If you're in London, the next Uber you hail may be the last to whisk you past the Tower, the Bridge, and Westminster Abbey.
London's transportation department has refused to renew Uber’s private hire operator license, which expires at the end of September, meaning the ride-sharing giant could soon be banned from London.
In a strongly worded and damning statement, Transport for London (TfL) outlined a multitude of reasons why it doesn’t consider Uber “fit and proper to hold a license.”
Calling them “public safety and security implications,” TfL cited everything from the way Uber reports serious crimes, to how it obtains medical certificates and Enhanced Disclosure and Barring Service checks, and even the way Uber explains the how it uses software to block government regulatory bodies from accessing the app.
London's letter to UberEnlarge Photo
For its part, Uber responded to the decision by claiming it was a politically motivated attack on innovation. “Far from being open, London is closed to innovative companies,” it said in a statement. “Transport for London and the mayor have caved in to a small number of people who want to restrict consumer choice.”
London is among Uber’s most important markets, with over 40,000 drivers and 3.5 million passengers annually. Just this month, it announced a self-imposed ban on all diesel engines by 2020 and a strong push toward hybrid and electric vehicles by 2025.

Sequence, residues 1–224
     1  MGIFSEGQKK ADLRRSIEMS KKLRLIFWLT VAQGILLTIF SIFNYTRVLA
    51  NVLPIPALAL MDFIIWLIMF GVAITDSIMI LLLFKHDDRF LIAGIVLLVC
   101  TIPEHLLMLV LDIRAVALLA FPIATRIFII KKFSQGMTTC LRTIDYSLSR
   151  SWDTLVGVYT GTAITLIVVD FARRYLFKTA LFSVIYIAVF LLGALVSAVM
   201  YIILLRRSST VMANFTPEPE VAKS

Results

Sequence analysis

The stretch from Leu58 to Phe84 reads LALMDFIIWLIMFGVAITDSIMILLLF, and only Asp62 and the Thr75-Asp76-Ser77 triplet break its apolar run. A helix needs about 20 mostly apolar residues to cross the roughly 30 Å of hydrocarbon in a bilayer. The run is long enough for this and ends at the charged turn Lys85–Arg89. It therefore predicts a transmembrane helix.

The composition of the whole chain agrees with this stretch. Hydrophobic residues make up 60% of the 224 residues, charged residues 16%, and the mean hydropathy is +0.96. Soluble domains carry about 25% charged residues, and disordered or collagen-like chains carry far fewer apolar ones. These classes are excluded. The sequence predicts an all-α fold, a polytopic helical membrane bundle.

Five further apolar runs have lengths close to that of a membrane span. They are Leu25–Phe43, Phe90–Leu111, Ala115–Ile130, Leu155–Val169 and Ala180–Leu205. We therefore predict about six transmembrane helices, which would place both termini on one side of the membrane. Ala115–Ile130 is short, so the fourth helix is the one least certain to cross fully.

However, the company has been criticized in London for adding to the city’s already-bad congestion issues, as well as allegations of unreported sexual assaults by its drivers.
While the decision will be hotly contested by Uber, the drivers of London’s famous black cabs—a direct competitor to Uber’s service—are celebrating the decision. London’s Licensed Taxi Drivers’ Association general secretary Steve McNamara said, “We expect Uber will again embark on a spurious legal challenge against the mayor and TfL, and we will urge the court to uphold this decision. This immoral company has no place on London's streets.”
Uber has 21 days to appeal the decision, and will be allowed to continue service during the appeal process.